And now for something completely different.
Just last week we Bad Batch faithful were wondering when this hardscrabble Star Wars prequel series would finally get around to addressing how the Empire solidified its stranglehold over the entire galaxy following Emperor Palpatine’s destructive Order 66. What would an episode like that look like? Would it take place from the perspective of Crosshair, seething into his toothpick from behind his commanding officer, Admiral Rampart? Would Crosshair be ordered to participate in an especially heinous war crime during this episode, pitting what remains of his own free will against his Imperial-installed inhibitor chip, possibly sending him careening on a shaky path towards his redemption? Or would this episode more closely resemble Star Wars: The Clone Wars (During Peacetime), an arm’s-length episode populated by a bigger cast, where “peacetime” means “Peacetime—As The Empire Sees It”?
This week’s episode provides an answer, and it turns out to be the latter. Only Star Wars: The Bad Batch has something else in store for its audience who have patiently waited to see how Crosshair has prospered (or not) under his new Imperial bosses or has fared with his new kill squad command. (How does Crosshair get on with his malevolent underlings?) Instead of diving into those character-driven particulars, this Empire-saturated eleventh episode of The Bad Batch, titled “Devil’s Deal”, offers up something I don’t think anybody was expecting to see, at least on this series: a Hera Syndulla origin story?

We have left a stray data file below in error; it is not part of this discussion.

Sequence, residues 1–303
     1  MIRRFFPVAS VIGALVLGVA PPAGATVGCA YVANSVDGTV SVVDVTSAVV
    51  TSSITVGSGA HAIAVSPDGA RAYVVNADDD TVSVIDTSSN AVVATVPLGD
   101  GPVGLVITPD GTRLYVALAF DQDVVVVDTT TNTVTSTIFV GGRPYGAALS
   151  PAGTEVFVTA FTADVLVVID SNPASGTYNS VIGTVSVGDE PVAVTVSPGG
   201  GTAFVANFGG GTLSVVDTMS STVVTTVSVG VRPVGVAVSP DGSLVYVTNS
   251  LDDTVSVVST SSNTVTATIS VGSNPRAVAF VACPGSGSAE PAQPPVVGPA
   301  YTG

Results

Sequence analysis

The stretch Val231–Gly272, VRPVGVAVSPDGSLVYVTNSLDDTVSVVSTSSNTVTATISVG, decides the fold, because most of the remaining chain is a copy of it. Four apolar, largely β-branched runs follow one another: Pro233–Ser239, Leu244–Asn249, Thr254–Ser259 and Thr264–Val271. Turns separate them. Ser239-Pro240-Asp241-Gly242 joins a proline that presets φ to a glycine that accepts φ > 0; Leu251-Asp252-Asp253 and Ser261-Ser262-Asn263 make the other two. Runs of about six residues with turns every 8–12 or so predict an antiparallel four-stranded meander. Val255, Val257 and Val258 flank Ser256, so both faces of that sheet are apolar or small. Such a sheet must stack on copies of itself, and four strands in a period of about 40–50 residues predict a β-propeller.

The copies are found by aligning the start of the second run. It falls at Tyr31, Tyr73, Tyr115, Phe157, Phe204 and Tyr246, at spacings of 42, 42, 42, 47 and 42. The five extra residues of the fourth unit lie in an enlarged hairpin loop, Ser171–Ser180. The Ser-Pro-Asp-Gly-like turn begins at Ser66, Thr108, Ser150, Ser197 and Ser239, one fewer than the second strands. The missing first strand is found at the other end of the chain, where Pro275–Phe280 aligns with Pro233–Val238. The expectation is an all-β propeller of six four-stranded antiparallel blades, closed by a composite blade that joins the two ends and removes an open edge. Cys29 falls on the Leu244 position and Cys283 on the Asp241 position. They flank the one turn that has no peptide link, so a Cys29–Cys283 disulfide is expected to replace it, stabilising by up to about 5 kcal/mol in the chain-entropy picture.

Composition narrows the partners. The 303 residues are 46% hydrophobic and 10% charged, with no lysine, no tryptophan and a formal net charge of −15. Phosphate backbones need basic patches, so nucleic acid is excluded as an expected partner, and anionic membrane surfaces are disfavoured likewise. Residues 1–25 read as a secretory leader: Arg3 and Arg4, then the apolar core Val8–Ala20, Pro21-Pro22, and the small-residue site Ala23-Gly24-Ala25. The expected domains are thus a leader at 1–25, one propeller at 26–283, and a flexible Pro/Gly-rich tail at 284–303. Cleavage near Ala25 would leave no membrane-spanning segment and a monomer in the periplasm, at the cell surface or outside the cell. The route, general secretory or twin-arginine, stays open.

Yes, “Devil’s Deal,” directed by Steward Lee and written by Tamara Becher-Wilkinson, takes place almost entirely on the Twi’lek homeworld of Ryloth, where the Empire has set itself up quite nicely plundering the planet’s precious doonium mines. (Doonium, we’re told by Rampart, will help rebuild parts of the galaxy that have been hit especially hard during the wars, but I’m willing to bet it’s going to be used for more destructive purposes.) They’re going to strip the world bare of its resources and enforce Imperial rule with the full support of its resident Palpatine-booster, Senator Orn Free Taa. At least, that’s the plan; with names like Cham and Hera flying around, as Star Wars: Rebels fans can tell you, rebellion is but one provocation away.
Crosshair does appear in this episode, smoldering underneath his intimidating gun-metal gray helmet, eyeballing the citizens of Ryloth and just itching to aim his trusty sniper rifle at the first sign of resistance. Later, he takes a couple well-aimed shots only to then be swallowed whole by the episode. But it does appear he’s fully recovered from that explosive reunion with his former Bad Batch brothers, Hunter, Tech, Wrecker, and Echo, his head completely shaved and a new scar or two to show for it. No worse for wear. Makes you wonder if we’ll ever get to see how that compromised brain of his ticks, or if he feels anything other than sheer comic hatred for all things happy and good.
Instead The Bad Batch zeroes in on the young Hera, seen here actively seeking adventure and excitement as a scout of sorts for the Twi’lek soldier, Gobi Glie, alongside her plucky astromech droid, Chopper. But to be able to fly off Ryloth, to live on a starship among the stars, that’s her dream, and it’s here where The Bad Batch indulges Hera’s big “twin suns” moment: laying on the ground outside of a clone trooper-laden refinery, Hera’s hand traces the birds that soar across the clear blue Rylothian skies, yearning for a chance to explore that great beyond. And then, quite unsubtly, the Empire casts its intimidating shadow over Hera’s future.